Conscious Food Choices

For the love of delicious healthy food…

“Ode to Annapolis” Apple Pinot Blackberry Tart

A few days ago my best childhood friend Beca and I went on an “Old Stepdads Tour” of Annapolis, the small town along the Northern California coast we grew up in. When we were kids, Annapolis was virtually unknown – one tiny post office which was only open until noon and maybe 350 people scattered around in the redwoods, making their living either growing pot, logging, or working the one little K-8 elementary school. (Very small – my 8th grade graduating class was 4 kids… including me). Our town was socially split into “rednecks” or “hippies”, with my family and Beca’s definitely landing in the hippy camp.

Beca and I grew up riding horses through the redwoods, picking huckleberries and blackberries in the summer, and trying to avoid getting shot in the hunting and pot harvest seasons. My mom and stepfather Doug were both vegetarians with a huge organic garden, which I have to admit I only appreciated for the trade in-value of our gorgeous homegrown strawberries that were swapped surreptitiously at school for white bread Fluffernutter sandwiches. I am also sorry to say that my mom’s truly gourmet whole wheat, cream cheese and artichoke-heart sandwiches ended up in the garbage can nearly every time. But growing up with hippy parents in Annapolis obviously set the stage for my (eventual) interest in organic, local, healthy gourmet vegetarian cooking, and probably gave me an early taste for marketing as well!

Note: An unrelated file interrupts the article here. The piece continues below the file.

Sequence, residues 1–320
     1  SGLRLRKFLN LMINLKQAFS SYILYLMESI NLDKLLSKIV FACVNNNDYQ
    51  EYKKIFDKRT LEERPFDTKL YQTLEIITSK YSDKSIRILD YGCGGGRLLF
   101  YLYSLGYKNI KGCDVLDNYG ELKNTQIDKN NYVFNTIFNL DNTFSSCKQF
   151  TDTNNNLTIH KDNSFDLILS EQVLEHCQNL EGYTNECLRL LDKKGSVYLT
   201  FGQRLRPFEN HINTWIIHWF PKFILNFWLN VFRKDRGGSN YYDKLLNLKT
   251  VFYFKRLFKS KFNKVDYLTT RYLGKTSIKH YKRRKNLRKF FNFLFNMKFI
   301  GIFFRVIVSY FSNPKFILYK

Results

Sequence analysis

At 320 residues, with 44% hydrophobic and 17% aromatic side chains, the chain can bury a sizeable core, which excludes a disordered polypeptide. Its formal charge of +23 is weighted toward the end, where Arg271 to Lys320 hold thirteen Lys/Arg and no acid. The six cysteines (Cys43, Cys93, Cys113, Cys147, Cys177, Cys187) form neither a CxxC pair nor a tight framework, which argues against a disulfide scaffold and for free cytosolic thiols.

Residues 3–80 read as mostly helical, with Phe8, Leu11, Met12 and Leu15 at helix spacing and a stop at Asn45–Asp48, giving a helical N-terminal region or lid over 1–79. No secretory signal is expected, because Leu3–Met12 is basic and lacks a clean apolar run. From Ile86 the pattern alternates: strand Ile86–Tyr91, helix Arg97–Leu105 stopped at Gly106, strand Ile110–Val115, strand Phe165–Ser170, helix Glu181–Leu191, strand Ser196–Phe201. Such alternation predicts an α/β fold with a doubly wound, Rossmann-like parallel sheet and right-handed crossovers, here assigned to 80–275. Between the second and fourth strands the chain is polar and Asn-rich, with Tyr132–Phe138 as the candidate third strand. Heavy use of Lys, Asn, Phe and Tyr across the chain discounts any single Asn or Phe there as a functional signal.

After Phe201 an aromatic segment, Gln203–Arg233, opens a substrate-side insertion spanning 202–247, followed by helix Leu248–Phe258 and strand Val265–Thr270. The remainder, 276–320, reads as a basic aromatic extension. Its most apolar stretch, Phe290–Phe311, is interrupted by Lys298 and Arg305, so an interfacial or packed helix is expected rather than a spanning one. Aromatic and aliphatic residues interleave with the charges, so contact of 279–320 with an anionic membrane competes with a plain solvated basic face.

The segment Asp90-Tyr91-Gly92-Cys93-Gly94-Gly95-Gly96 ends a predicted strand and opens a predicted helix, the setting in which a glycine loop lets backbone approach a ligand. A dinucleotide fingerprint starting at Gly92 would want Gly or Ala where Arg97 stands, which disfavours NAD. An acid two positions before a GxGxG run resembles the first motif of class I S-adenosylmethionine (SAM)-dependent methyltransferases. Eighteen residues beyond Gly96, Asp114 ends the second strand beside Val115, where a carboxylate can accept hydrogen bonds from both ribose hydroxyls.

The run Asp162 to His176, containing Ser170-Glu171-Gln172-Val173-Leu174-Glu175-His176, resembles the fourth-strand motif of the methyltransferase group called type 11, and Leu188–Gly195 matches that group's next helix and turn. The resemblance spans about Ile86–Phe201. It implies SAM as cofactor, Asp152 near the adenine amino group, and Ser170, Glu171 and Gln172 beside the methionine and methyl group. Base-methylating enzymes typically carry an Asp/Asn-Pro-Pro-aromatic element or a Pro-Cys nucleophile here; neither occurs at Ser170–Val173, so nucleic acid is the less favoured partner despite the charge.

Beca and I spent the first couple of hours with her stepfather Bob, whose property was literally dripping with ripe apple, plum and pear trees, and left with bags of intoxicatingly ripe apples as well as several jars of Fandango Spice Garden jam which is made by Bob and Cheryl and sold in local farmers markets. They do not have a website so if you ever see it in California make sure to snatch a bottle up – it’s fantastic, with flavors like Satsuma Plum and Raspberry Shiraz. I love a fruit and wine combination!